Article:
• The Swiss government predicts that the country’s economy will shrink by approximately six percent this year, with some recovery in the second half of 2020 and growth in 2021.
  • The Bank of England Monetary Policy Committee voted in favor of a £100 billion stimulus package to aid the UK’s economic recovery.
  • As Spain enters its main tourist season, the government has put forward a Government €4.250 billion recovery plan for the tourism industry.
  • Despite high numbers of new infections, Saudi Arabia has announced a “return to normalcy” across the Kingdom, except for Mecca.
  • The German government’s coronavirus alert app, which is designed to track chains of infection through mobile phones, has been downloaded seven million times since its launch on Tuesday.
  • CureVac will begin clinical trials in humans for its potential coronavirus vaccine.


Asia Pacific


Weber Shandwick’s Asia Pacific team spotlights this week the state of healthcare beyond COVID-19.


  • Singapore’s Ministry of Health noted that with fewer pandemic cases requiring hospitalization, beds in public hospitals previously set aside for such patients would be disinfected and converted for non-COVID-19 patients. Similarly, with utilization of wards designated for COVID-19 remaining at less than 15 percent capacity, Malaysia’s hospitals will begin to admit more regular patients. The country’s Health Ministry is reducing the number of staff currently redeployed to combat the virus.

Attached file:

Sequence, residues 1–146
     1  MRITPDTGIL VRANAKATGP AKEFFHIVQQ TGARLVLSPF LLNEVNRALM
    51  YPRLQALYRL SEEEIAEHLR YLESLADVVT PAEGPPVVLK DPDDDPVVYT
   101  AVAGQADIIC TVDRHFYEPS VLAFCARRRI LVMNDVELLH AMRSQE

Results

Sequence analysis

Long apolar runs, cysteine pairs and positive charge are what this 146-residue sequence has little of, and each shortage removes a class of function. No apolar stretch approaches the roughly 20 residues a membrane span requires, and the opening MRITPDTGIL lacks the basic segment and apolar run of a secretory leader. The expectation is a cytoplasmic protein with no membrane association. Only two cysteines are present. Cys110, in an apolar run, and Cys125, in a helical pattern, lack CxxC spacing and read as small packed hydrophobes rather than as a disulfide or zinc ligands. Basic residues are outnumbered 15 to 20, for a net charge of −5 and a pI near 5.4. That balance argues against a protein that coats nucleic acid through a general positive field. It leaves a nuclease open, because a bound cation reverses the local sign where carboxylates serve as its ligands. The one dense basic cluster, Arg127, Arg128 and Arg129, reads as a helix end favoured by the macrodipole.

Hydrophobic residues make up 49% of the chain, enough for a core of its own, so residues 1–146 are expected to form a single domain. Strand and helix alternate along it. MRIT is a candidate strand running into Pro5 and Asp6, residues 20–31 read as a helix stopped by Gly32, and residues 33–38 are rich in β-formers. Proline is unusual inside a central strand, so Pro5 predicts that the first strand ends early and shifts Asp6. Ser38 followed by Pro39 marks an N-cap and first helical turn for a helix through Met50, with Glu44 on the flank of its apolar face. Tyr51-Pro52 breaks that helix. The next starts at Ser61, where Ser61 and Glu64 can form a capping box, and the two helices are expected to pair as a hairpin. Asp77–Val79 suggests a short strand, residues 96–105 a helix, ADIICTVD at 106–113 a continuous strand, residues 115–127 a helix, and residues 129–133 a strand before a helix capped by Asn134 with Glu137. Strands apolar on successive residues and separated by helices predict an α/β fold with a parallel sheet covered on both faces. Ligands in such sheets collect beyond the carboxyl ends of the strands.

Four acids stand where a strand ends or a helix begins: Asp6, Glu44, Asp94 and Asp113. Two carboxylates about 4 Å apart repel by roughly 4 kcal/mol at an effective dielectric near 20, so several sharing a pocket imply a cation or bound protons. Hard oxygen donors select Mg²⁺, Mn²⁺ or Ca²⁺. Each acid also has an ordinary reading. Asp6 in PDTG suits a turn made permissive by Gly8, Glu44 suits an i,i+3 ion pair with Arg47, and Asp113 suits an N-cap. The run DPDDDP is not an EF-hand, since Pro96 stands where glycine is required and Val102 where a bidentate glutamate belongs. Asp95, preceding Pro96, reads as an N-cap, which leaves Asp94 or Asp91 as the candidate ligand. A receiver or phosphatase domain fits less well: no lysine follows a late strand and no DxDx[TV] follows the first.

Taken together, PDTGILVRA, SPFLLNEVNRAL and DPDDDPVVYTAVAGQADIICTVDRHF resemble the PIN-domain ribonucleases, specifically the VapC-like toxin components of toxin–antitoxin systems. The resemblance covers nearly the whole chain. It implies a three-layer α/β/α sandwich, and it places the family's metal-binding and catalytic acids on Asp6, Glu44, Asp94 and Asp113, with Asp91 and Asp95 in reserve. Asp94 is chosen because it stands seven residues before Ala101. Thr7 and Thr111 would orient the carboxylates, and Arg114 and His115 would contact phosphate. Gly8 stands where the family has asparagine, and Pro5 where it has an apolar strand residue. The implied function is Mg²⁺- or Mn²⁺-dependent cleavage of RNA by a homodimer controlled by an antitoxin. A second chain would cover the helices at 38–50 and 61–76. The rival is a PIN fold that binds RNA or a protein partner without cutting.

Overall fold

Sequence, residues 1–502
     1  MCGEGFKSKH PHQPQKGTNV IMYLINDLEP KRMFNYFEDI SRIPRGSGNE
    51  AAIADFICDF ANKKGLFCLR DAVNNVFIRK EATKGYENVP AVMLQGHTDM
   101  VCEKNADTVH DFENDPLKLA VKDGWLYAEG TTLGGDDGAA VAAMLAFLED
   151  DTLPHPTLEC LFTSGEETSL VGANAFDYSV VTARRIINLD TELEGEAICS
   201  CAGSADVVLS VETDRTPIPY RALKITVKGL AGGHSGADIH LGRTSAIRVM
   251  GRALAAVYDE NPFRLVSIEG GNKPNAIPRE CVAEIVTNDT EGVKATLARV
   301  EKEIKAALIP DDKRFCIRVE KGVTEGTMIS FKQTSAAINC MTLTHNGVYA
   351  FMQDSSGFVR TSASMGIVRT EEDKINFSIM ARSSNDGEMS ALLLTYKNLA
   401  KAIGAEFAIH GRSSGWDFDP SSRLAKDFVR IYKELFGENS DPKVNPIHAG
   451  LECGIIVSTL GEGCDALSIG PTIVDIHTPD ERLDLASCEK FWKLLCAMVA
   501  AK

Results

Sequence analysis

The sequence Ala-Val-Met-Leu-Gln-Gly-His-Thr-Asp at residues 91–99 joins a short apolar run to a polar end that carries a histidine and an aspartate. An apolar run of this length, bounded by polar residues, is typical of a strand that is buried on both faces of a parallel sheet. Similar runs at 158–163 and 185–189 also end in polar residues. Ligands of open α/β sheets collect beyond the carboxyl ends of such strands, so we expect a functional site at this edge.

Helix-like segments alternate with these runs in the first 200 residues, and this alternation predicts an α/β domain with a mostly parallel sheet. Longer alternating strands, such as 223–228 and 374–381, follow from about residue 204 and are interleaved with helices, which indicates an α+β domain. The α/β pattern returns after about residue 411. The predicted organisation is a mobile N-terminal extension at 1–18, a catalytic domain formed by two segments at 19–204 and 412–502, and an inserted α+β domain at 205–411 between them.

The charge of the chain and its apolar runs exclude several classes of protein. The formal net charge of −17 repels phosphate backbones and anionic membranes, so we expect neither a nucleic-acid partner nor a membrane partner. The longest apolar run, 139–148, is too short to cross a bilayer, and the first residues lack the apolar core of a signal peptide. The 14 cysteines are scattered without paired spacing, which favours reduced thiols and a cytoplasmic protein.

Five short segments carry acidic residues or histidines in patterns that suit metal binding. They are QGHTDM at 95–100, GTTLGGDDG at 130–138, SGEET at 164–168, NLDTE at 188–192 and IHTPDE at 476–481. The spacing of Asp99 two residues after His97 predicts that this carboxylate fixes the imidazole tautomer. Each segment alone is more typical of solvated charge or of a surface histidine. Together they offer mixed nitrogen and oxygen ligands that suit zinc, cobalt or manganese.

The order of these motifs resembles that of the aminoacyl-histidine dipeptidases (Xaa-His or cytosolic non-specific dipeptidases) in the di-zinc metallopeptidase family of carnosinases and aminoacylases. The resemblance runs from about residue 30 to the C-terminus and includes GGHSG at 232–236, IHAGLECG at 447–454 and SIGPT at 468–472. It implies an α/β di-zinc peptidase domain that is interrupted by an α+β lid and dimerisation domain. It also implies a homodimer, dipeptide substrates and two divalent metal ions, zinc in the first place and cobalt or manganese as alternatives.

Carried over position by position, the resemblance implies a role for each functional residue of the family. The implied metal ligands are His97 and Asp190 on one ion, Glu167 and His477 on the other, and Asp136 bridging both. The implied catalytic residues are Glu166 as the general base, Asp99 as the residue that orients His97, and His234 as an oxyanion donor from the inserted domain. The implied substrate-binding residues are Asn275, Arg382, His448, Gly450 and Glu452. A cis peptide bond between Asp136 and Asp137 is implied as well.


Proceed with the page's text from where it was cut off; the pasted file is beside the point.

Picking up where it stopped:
• According to the World Economic Forum, the global backlog of elective surgeries cancelled due to the pandemic could take up to a year to clear if countries increase surgical volumes by 20 percent.
  • Private hospitals in New South Wales and Victoria received the green light from health authorities to return to 75 percent of their pre-pandemic elective surgery capacity by June, with an aim to reach 100 percent in July. Tasmania is increasing the number of elective surgeries conducted ‘in the safest way possible’ according to Health Minister Sarah Courtney, following a hospital closure upon uncovering a COVID-19 case.
  • Similarly, the elective surgery backlog in New Zealand will take years to address due to shortages of specialized doctors. About U.S. $182 million from the 2020 budget has been set aside to clear backlogs of scans, surgeries, and procedures created by the pandemic.
  • Many clinical trials in oncology, central nervous system and infectious diseases were disrupted during April and May, according to GlobalData’s global clinical trial data. However, this trend has begun to slow down in June, with the number of clinical trials taking place starting to increase.
  • Treatment researchers in Australia have been able to benefit from an additional U.S. $277 million in federal funding for research into new treatments for mental and infectious diseases. Announced by Health Minister Hunt, 237 new projects are backed by the National Health Research Council and a further 30 through the Medical Research Future Fund.